Appium is an open source, cross-platform Test automation tool for native, hybrid and mobile web apps, tested on simulators (iOS, FirefoxOS), emulators (Android), and real devices (iOS, Android, FirefoxOS). Appium drives various native automation frameworks and provides an API based on Selenium’s WebDriver JSON wire protocol. Android support uses the UiAutomator framework for newer platforms and Selendroid for older Android platforms.
‘Mobile App’ is the new buzzword. Then how can one stick to the traditional Test Plan template? The purpose of the Mobile App Test Plan is to define how the testing effort for the App release is planned, executed, and controlled. It is critical to have a rigorous Mobile App Test Plan before the App is deployed. The idea is simple, focus on the value it offers – boil Test planning down to only the essentials and cut all fat and fluff. Test Plan shouldn’t be like any other dead document (resulting in wasted effort) – written, reviewed, referred to a few times and then cast aside as the project moves ahead. A comprehensive Plan gives customers the confidence that an efficient Test process is adopted to ensure optimum App Quality! Let’s have a look…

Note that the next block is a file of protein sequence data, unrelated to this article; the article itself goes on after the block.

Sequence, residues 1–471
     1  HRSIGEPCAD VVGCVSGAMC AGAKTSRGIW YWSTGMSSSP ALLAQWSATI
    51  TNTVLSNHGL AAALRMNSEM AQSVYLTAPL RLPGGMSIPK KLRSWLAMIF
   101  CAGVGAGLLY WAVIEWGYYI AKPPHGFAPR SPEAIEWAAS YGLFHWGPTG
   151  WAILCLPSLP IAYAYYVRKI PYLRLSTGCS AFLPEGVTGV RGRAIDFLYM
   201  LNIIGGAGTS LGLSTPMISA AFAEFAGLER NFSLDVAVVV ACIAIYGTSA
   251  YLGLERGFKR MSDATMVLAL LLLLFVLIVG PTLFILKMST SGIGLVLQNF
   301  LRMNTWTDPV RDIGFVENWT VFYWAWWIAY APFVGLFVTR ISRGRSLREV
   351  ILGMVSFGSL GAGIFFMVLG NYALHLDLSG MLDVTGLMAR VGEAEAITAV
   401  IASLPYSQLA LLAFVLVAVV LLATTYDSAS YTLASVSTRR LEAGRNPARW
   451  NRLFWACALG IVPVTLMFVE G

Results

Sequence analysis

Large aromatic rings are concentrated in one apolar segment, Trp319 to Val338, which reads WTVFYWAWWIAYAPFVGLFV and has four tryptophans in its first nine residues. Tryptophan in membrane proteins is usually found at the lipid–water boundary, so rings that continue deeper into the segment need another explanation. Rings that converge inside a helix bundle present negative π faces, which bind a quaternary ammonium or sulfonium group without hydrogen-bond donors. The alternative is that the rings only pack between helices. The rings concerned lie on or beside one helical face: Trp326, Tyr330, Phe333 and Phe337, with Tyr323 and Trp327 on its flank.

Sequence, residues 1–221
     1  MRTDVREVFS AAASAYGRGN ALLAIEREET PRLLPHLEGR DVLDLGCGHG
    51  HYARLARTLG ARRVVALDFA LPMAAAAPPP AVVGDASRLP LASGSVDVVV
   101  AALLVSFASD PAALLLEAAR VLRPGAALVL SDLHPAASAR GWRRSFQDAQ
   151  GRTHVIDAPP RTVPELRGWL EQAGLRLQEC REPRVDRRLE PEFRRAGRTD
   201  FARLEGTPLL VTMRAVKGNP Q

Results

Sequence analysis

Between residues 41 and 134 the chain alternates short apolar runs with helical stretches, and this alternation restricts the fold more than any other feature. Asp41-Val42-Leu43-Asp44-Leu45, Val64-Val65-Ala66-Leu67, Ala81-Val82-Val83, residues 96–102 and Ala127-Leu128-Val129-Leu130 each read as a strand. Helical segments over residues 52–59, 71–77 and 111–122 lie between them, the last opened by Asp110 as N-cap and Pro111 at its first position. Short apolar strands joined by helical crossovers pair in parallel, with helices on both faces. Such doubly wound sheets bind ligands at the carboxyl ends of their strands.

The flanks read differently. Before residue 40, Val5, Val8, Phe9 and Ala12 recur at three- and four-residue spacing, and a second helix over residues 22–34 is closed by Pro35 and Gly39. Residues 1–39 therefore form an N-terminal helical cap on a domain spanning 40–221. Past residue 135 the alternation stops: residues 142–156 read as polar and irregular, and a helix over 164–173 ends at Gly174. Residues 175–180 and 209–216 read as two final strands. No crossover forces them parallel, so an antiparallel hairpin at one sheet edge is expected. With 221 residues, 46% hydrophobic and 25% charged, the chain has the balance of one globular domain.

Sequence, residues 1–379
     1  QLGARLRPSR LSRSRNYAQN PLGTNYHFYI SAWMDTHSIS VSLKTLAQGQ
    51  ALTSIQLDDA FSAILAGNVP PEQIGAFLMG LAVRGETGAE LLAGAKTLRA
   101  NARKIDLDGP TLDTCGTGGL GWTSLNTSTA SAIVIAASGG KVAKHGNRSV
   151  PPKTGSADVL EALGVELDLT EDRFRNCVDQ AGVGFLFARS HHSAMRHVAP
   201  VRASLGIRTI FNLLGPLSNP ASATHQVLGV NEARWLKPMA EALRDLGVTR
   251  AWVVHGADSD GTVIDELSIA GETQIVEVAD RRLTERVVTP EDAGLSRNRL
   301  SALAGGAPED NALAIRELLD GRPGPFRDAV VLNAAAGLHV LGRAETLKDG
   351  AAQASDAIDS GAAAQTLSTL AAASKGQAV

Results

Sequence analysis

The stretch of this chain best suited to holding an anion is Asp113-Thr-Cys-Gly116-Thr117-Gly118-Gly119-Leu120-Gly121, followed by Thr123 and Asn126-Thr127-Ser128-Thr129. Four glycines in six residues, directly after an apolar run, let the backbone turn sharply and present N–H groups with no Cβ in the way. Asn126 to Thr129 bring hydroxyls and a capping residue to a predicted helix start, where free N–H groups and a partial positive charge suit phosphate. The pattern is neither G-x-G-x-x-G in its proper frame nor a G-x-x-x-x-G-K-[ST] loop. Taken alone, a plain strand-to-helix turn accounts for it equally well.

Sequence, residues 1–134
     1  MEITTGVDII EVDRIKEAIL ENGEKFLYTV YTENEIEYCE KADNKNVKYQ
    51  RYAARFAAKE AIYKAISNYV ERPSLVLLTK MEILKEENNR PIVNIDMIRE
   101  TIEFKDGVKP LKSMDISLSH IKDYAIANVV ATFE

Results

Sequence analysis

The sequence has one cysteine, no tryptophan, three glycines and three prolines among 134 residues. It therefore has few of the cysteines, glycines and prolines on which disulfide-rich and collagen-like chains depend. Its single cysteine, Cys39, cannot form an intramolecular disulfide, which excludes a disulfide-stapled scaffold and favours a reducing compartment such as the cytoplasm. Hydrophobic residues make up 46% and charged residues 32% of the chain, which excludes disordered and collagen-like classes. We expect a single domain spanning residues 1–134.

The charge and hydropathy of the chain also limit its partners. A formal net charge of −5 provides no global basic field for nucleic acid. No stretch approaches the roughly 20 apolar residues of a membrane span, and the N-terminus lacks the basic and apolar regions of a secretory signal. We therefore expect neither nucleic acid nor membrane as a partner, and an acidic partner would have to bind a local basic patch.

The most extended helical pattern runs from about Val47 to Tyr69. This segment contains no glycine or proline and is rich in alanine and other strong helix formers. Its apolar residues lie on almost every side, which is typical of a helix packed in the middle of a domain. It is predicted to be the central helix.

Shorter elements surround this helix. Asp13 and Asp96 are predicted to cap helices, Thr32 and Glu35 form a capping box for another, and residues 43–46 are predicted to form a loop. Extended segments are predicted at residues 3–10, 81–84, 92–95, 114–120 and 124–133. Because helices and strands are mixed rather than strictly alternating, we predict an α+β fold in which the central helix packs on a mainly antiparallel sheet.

Different browsers render applications differently, so web applications need to be able to detect on which browser they are running and adjust their app code accordingly. Successfully testing all browsers and all versions are no small feat which is exactly why Sauce Labs built their solution on Selenium. To enable QA teams to execute Selenium based automation suites on multiple permutations, operating systems, and versions, for multiple browsers and browser versions.
At first glance, this seems like we’re done and this is the perfect solution to achieve complete application matrix coverage. Unfortunately, nothing is that simple, and upon digging deeper, it is apparent that not all environments are available for certification. You will have some critical use case gaps, there’s no way around it. So what are they and how do you get around them?
The mobile application ecosystem is very dynamic. OEMs are launching new devices and new customization, and new OS versions are delivered every now and then. This is the constant challenge that most enterprises face. As the new versions of devices and operating systems create capabilities to expand your application, it’s imperative to test your app quickly over an ever expanding variety of devices so your newer versions are as spotless as ever. To achieve this, innovative techniques like Cloud based Testing for Mobile applications are required to be implemented to ensure optimal performance and user experience regardless of the type of his handset, operating system, geographical location and network service provider. Cloud based Testing for Mobile applications offers Web-based access to a large pool of real handsets and devices connected to live networks spread globally, providing enterprises with end-to-end control for manual and automated testing practices.